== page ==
Malaysia eyeing cooperation with Netherlands on waste management

09 Oct 2019 / 19:03 H.

KUALA LUMPUR: The government is looking forward to developing working relationships with the Netherlands on waste management, according to Housing and Local Government Minister Zuraida Kamaruddin.

Given the progress and success achieved by the Netherlands in waste management, Malaysia could adopt some of its policies and practices, she said.

“We import clean plastics but the Netherlands imports rubbish plastics and they manage to do it very well.

“This is something that Malaysia should learn from the Netherlands, (on how to) conduct the business and process,“ she said when met at a seminar on sustainable waste management, here today.

The seminar was organised by the Netherlands Embassy in conjunction with the International Greentech and Eco Products Exhibition and Conference Malaysia (IGEM 2019), which is being held at the Kuala Lumpur Convention Centre from today until Nov 11.

She said the government is focusing on engagement with the community and getting down to the grassroots to ensure their involvement in waste management programmes.

“Ours is at introductory stage; therefore, we can learn from their (Netherlands) trial and error so that we can do a fast-track to reach that level.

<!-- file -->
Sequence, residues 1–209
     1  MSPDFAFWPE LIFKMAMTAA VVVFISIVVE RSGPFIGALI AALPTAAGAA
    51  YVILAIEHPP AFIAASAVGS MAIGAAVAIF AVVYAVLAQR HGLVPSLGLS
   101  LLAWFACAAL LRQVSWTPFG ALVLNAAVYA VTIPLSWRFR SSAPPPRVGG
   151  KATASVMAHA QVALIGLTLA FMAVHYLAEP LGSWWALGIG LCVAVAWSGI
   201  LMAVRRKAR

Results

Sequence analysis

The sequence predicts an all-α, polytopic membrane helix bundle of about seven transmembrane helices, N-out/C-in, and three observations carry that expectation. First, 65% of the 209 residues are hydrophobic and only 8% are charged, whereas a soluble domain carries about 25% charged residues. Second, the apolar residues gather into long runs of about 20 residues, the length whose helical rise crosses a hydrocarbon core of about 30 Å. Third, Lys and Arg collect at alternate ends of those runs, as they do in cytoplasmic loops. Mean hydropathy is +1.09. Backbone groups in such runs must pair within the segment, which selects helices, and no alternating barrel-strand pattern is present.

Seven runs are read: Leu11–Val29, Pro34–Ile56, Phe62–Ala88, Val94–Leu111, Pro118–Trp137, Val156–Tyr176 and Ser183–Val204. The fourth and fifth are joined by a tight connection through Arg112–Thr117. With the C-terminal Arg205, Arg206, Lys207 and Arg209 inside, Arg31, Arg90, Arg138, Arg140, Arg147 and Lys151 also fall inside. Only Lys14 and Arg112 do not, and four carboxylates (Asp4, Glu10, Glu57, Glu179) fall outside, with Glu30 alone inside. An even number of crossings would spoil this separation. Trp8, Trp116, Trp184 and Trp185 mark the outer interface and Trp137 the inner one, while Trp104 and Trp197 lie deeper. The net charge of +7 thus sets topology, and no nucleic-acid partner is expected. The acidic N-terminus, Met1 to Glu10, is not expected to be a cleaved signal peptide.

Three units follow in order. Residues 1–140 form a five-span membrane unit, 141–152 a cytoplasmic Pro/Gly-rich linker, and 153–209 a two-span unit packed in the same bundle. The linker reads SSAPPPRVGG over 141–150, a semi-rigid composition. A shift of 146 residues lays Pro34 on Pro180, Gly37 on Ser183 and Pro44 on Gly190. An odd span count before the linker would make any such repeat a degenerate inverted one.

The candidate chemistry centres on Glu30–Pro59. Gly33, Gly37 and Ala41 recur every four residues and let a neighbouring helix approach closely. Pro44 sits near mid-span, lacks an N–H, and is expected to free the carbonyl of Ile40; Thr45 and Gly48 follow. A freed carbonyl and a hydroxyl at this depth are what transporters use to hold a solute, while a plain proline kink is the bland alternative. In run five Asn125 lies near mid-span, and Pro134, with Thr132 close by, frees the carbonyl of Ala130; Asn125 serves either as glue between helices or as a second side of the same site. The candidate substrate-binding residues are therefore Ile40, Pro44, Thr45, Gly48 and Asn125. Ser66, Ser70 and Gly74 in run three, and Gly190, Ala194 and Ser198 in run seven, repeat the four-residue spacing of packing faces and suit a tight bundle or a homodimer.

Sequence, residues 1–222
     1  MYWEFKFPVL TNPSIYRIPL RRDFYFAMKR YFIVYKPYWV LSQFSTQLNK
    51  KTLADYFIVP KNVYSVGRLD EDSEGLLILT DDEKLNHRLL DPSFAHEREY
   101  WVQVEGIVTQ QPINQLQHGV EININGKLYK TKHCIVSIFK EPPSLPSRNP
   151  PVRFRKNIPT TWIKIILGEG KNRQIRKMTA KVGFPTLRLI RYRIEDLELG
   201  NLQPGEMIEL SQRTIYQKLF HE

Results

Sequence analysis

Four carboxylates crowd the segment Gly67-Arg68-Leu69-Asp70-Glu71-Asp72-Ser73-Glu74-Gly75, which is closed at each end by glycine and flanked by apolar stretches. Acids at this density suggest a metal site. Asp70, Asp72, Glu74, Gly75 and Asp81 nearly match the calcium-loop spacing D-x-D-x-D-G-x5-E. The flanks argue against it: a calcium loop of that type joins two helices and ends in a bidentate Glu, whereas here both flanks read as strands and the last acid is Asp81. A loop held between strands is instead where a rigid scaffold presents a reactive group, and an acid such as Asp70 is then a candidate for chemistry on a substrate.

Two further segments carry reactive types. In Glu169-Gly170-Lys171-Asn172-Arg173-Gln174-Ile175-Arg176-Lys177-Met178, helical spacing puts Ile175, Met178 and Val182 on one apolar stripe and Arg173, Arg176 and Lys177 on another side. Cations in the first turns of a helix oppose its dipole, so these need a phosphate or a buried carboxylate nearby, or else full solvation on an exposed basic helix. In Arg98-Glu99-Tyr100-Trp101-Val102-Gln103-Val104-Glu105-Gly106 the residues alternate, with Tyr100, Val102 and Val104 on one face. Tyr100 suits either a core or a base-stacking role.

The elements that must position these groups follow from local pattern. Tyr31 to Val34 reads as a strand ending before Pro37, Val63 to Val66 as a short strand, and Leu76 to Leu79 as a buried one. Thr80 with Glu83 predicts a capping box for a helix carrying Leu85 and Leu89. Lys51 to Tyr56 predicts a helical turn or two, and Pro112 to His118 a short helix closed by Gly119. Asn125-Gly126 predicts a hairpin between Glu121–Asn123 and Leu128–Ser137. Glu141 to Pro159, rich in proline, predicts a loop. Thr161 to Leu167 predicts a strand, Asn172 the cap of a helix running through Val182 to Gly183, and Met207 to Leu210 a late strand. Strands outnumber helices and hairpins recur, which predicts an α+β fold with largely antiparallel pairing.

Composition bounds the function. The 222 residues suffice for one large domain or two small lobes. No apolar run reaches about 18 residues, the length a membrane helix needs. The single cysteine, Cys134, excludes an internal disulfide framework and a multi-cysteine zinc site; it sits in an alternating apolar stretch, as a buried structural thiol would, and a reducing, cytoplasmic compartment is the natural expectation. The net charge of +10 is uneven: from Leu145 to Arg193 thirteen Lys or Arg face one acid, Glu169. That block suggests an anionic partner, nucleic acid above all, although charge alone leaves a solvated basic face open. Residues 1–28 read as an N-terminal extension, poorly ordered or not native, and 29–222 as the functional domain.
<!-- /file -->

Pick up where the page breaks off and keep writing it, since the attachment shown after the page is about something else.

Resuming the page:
“Our basic challenges are still for the community to have good practices. Throw the rubbish in the rubbish can, separate sources. All that has been introduced but it has not been taken up seriously by Malaysians,“ she said.

She said the ministry is conducting a pilot study in the Ampang Jaya Municipal Council (MPAJ) area on the ‘trash to cash’ programme, which will be introduced nationwide later.

In her speech, Zuraida said she was impressed with the waste management practices of countries like the Netherlands, Japan and Singapore.

“I think we did not put enough attention with regard to waste management. We could have done that 20 years ago. But it is ok; we are never too late because I’m going to ‘turn trash to cash’,” she said.

Zuraida said such programmes have been conducted in schools and the ministry plans to engage students with local housing committees nearby to reach the community in low-cost housing areas.

“Now we have begun launching our programme — trash to cash, to encourage them to pick up rubbish and see it as money, at least to pay for maintenance fees. This is something we are doing on the ground,“ she said.

Zuraida said the country should capitalise on green economy activities as they have the potential to boost business.

The ministry is expected to launch the National Cleanliness Policy on Nov 3, which will contain guidelines on waste management including imports and the recycling industry, she added.

Meanwhile, the Netherlands Ambassador to Malaysia, Aart Jacobi, told the media that the Netherlands will share its experience on waste management at business-to-business meetings with Malaysia. — Bernama

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